The Lives of the Saints
bound in leather
In our black robes we have filed back from Evensong across the cathedral close. "You should come more often", says the canon, who welcomes our Zen retreat in the Deanery. I leave the candle-lit meditation hall to prepare for interviews here in the library. Pale evening light filters through the tall Georgian windows, and the sandalwood incense wafts a different odour of sanctity. On a side table the Goddess of Compassion raises her hand in blessing above a box of Kleenex tissues.
to every tiny pebble
its tail of sand
Young and earnest, all in black, he pads in, sporting a martial arts t-shirt. His designer stubble is well maintained and he takes us both very seriously. I try him with a few playful sallies, but he hangs on to his shop lifted goods. A nice lad in a Zen mask, taken in for further questioning.
a clockwork bird
Halting steps, a timid knock, a growl of welcome. Thin and anxious, her clothes dowdy, her hair lank. Life frightens her. But she is brave enough to come here. She and I, we take a kindly interest in her fear. She loves William Blake. "Joy and woe are woven fine". A wan smile lights up her face;. she will be alright.
the bright colours?
The stride of a well-established self. He has a degree in Buddhism and goes on about Zen. His Japanese pronunciation is impressive. I stare at his highly polished shoes and wait until he's finished. We shall have to turn out his pockets, to discover where he keeps his anger, his fear, and, hopefully, his love. I discover he is having difficulties at home, so we start there.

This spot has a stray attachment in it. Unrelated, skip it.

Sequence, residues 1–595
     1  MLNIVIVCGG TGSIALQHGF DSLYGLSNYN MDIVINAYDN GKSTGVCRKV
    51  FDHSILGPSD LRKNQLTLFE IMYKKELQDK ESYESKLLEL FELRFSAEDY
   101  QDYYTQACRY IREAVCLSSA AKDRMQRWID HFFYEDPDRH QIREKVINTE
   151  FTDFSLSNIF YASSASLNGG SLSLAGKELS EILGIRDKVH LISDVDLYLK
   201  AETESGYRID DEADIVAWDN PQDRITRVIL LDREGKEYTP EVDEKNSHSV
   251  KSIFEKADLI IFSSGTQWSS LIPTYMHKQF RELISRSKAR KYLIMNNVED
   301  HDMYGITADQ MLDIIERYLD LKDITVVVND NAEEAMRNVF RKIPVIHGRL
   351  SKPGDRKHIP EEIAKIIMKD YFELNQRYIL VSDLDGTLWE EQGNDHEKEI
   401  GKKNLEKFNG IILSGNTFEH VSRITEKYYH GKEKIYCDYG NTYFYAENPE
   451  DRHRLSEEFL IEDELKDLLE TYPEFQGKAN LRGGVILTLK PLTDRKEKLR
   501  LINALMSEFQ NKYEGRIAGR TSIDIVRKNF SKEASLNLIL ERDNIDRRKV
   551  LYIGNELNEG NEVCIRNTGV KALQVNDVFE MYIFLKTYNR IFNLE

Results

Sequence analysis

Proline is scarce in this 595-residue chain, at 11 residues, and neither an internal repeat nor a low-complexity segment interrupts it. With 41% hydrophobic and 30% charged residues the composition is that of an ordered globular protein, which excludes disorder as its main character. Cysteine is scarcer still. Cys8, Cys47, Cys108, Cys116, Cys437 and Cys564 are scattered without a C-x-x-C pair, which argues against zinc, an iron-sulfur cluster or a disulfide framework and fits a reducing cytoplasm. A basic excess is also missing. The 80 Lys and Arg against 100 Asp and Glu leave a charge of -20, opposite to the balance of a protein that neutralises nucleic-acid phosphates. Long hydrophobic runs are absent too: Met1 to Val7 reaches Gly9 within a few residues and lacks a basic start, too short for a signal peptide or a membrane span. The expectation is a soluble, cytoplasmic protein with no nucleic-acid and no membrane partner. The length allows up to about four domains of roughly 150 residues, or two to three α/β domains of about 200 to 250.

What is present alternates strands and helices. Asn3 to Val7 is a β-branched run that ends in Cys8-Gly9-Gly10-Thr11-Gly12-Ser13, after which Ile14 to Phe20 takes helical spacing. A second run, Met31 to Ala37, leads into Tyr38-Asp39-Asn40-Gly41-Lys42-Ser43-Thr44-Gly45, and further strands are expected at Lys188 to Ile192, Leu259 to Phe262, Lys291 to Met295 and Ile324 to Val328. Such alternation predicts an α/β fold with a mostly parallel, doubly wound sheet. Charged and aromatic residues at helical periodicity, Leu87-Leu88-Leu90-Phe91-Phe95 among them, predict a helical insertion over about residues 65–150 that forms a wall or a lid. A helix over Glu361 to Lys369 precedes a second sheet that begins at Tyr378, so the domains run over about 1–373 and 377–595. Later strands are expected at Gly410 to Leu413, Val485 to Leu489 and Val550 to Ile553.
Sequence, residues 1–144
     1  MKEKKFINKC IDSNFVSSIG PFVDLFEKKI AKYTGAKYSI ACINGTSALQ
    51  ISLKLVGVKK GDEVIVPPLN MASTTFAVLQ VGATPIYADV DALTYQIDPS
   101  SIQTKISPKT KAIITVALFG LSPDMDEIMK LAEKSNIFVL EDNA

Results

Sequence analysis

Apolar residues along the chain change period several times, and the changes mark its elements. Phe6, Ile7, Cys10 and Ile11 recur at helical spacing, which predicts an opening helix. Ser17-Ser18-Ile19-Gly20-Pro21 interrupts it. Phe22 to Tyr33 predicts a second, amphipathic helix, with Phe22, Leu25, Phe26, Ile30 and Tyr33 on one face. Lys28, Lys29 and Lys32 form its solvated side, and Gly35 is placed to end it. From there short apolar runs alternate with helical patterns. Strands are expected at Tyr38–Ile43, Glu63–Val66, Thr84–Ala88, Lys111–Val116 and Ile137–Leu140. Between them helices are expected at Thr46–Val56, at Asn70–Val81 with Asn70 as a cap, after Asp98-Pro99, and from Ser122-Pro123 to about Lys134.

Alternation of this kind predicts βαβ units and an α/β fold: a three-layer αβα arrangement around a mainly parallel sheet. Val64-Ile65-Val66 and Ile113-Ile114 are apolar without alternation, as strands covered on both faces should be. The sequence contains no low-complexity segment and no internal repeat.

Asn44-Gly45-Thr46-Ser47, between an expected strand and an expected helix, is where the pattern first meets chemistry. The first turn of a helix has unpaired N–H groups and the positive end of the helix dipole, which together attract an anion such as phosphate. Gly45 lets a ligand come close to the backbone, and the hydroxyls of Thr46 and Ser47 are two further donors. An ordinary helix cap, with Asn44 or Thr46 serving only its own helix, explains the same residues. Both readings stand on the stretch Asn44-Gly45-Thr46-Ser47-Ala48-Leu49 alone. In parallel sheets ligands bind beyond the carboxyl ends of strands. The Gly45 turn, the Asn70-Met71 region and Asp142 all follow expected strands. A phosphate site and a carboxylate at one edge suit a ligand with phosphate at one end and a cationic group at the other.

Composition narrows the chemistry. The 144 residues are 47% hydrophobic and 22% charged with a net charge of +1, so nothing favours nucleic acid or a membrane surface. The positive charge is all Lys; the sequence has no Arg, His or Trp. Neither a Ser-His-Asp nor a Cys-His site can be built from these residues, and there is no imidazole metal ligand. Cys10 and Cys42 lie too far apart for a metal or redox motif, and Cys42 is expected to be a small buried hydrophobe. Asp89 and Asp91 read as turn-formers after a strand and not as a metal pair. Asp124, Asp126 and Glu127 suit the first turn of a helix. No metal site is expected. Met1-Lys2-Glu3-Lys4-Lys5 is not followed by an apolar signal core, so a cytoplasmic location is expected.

through storm clouds
fly on the window
Red salopettes and long blond hair. The way she moves, she knows a thing or two. She also knows that I know she's just called in to share the cosmic joke, or something of that sort. Playfully, I try to test her sense of humour to destruction, but we end up laughing again.
filled to overflowing
with her yellow flowers
Sensibly dressed and impaled on virtue. She has so much to do. Peace and justice. Children and aged parents. A husband, too. And enlightenment on top of all that. I invited her to reflect on the fact that Nothing matters; everything matters -- which is also giving her a hard time. However, she has taken up singing. There is a singing woman deep inside. But still, as yet..
the squirrel woman
in the wheel she's made
Martha's the last one for tonight. In the silence the cathedral clock gathers its strength and strikes ten times, each stroke a little less than perfect. Tears spring in my eyes..
meets the rising tide
a tang of salt
Any resemblance to any specific person is wholly coincidental.